U.S. and Canadian regulators said on Thursday they were reviewing AstraZeneca Plc's widely used stomach drugs, Nexium and Prilosec, after data raised concern about heart problems with long-term use.
But the U.S. Food and Drug Administration and Health Canada said their preliminary analyses did not show a higher heart risk and doctors should not change prescribing practices at the moment.
AstraZeneca shares closed 4 percent lower on the New York Stock Exchange. Nexium is the company's top-selling drug and was the second best selling drug in the world in 2006, according to drug information firm IMS Health. The company reported $5.2 billion in Nexium sales last year.
One Prilosec study and analyses from an ongoing Nexium study had raised concerns that long-term use might increase the risk of heart attacks, heart failure and heart-related sudden death when compared with surgery, the FDA said.
The FDA said it was still evaluating those studies plus other data and planned to finish the review in three months.
Based on everything we know now, FDA's preliminary conclusion is that the observed difference in risk of heart attacks and other heart-related problems seen in early analyses of the two small long-term studies is not a true effect, an FDA statement said.
Doctors should not change prescribing habits and patients should not alter use of the drugs, the FDA said.
Regulatory agency Health Canada said its preliminary review also had found no evidence to confirm a cardiovascular risk.
Even so, analysts said the issue could hurt sales.
This will create a shadow of a doubt about the safety of these drugs, Raymond James analyst Mike Krensavage said.
Edward Jones analyst Linda Bannister said she was not expecting sales to decline significantly at this point.
Whether or not it's a big blow for them is very dependent upon what we end up seeing as a result of this initial concern, she said, noting that Nexium accounted for about 20 percent of AstraZeneca's revenue last year.
AstraZeneca and Procter & Gamble Co., which sells over-the-counter Prilosec, said they agreed with the FDA.
It is the view of AstraZeneca that the study results conclude that the products are not associated with an increased risk of cardiac events, a company statement said.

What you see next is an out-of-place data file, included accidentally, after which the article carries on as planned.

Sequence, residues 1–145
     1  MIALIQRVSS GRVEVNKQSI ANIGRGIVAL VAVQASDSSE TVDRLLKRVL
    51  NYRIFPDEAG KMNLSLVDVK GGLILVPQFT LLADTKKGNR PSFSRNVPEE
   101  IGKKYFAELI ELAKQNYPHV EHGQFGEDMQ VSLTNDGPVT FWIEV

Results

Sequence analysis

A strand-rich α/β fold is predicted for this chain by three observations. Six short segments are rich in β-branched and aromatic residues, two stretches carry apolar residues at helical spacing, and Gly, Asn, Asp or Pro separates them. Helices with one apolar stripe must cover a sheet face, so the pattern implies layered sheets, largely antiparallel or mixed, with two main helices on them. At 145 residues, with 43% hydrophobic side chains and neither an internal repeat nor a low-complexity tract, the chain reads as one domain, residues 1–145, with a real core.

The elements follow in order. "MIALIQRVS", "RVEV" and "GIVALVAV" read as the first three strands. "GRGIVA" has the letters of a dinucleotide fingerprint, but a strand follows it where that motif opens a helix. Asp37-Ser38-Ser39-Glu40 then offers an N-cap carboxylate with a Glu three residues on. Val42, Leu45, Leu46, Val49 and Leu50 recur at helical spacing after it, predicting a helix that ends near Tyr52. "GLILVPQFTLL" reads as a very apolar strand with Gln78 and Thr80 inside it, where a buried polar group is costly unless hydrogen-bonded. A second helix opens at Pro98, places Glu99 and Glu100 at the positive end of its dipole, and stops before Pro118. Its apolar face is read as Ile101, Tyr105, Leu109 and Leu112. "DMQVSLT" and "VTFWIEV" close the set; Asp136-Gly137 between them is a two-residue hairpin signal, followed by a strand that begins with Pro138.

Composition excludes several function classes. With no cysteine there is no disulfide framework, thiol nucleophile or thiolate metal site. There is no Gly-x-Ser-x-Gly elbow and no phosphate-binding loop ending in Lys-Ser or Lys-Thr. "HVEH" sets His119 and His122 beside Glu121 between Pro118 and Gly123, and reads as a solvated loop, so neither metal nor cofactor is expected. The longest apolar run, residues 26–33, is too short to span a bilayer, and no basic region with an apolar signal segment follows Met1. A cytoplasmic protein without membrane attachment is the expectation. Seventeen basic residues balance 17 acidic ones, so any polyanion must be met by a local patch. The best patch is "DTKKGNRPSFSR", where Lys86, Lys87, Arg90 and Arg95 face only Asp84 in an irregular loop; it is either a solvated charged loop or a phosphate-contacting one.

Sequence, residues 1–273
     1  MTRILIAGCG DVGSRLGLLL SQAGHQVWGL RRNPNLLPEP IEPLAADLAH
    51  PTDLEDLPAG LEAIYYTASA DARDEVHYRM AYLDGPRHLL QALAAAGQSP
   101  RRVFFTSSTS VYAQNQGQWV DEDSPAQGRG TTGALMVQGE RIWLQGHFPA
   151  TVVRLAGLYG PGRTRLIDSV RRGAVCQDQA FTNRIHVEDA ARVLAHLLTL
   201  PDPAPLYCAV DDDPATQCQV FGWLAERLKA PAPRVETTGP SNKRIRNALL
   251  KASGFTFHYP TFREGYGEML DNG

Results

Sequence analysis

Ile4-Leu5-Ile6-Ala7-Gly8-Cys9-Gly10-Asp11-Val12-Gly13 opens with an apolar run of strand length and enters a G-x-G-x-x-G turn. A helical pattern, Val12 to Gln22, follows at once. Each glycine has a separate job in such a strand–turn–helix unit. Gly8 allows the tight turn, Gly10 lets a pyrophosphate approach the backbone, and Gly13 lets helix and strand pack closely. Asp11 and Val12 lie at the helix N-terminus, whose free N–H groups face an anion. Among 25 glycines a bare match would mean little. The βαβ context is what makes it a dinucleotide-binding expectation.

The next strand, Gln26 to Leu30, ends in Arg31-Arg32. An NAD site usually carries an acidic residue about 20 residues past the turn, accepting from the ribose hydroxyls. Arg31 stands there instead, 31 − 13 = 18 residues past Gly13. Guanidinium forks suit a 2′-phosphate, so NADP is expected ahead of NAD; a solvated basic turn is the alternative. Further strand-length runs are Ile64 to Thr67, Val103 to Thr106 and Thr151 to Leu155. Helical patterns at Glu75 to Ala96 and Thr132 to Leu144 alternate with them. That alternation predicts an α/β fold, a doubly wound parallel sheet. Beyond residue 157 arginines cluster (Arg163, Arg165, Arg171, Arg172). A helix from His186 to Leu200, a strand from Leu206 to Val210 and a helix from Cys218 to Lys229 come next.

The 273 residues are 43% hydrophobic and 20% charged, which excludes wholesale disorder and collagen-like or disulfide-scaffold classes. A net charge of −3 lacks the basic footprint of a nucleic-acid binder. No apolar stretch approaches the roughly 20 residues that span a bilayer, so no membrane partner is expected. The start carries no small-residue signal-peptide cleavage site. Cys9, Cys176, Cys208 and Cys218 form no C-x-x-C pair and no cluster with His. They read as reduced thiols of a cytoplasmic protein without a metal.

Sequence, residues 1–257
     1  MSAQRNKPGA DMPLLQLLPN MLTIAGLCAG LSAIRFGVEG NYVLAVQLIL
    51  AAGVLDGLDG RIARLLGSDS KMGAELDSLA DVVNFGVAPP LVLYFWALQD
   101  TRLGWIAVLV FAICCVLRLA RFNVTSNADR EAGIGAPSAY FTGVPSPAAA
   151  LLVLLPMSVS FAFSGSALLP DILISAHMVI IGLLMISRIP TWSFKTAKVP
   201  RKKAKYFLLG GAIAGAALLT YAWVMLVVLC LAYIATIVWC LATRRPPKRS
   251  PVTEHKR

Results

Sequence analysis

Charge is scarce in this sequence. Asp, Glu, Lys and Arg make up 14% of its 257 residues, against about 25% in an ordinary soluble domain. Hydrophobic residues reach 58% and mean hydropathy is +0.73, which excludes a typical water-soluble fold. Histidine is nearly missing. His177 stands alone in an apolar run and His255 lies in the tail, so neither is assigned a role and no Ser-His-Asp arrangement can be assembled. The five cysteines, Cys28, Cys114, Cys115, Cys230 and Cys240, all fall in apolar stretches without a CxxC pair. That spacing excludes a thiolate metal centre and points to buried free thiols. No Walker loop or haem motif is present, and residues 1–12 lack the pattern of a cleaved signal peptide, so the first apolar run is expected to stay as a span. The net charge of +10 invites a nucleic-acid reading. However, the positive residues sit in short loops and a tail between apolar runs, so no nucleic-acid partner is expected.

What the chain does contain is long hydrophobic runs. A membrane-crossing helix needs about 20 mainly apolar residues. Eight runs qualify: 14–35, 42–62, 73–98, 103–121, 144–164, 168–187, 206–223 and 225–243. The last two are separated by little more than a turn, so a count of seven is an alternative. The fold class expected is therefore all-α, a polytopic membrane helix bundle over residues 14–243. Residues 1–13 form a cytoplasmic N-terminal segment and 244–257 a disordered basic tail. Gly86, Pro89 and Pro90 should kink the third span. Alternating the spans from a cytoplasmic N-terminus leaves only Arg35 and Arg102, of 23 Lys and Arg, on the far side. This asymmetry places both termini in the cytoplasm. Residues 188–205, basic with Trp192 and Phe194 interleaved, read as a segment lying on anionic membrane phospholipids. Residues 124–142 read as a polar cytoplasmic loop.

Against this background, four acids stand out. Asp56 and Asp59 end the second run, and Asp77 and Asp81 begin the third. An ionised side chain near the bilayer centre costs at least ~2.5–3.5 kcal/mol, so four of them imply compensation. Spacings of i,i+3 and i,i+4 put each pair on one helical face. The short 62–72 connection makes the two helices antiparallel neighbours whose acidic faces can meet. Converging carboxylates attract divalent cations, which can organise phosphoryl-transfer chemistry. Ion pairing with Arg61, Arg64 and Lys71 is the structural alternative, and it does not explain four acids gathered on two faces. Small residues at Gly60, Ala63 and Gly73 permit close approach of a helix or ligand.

AstraZeneca submitted information on May 29 from two studies of patients with severe gastroesophageal reflux disease who were treated with either of the drugs or surgery, the FDA said. The Prilosec study lasted 14 years, and the Nexium study followed patients for five years.
The FDA said both studies may have been skewed, in part because surgical patients tended to be younger and less likely to have risk factors for heart problems.
Fourteen other studies of patients treated for up to two years did not suggest a higher risk of heart problems with Prilosec, the FDA said.
Nexium and Prilosec are proton pump inhibitors that reduce the amount of acid produced by the stomach. Both are sold by prescription to treat acid reflux and ulcers. Prilosec also is sold over the counter for frequent heartburn. Merck & Co Inc. shares profits from the drugs.
More than 1 billion patients have taken the drugs, AstraZeneca said. Prilosec is known generically as omeprazole and Nexium is known as esomeprazole.
Other proton pump inhibitors include Prevacid, sold by a joint venture of Abbott Laboratories Inc and Takeda Pharmaceutical Co Ltd, and Wyeth's Protonix.
The FDA's primary focus is on Nexium and Prilosec, but officials are interested in data from other drugs in the class, said Dr. Paul Seligman, associate director of the safety policy and communication in the FDA drugs center.
Nexium sales already fell short of some expectations in the most recent quarter at $1.31 billion.
AstraZeneca has endured a series of late-stage product setbacks and made acquisitions to rebuild its pipeline. Last month, the company said it would eliminate 7,600 jobs as part of an expanded cost-cutting drive. (Additional reporting by Kim Dixon and Jessica Wohl in Chicago, Lewis Krauskopf in New York and Michael Kahn in London)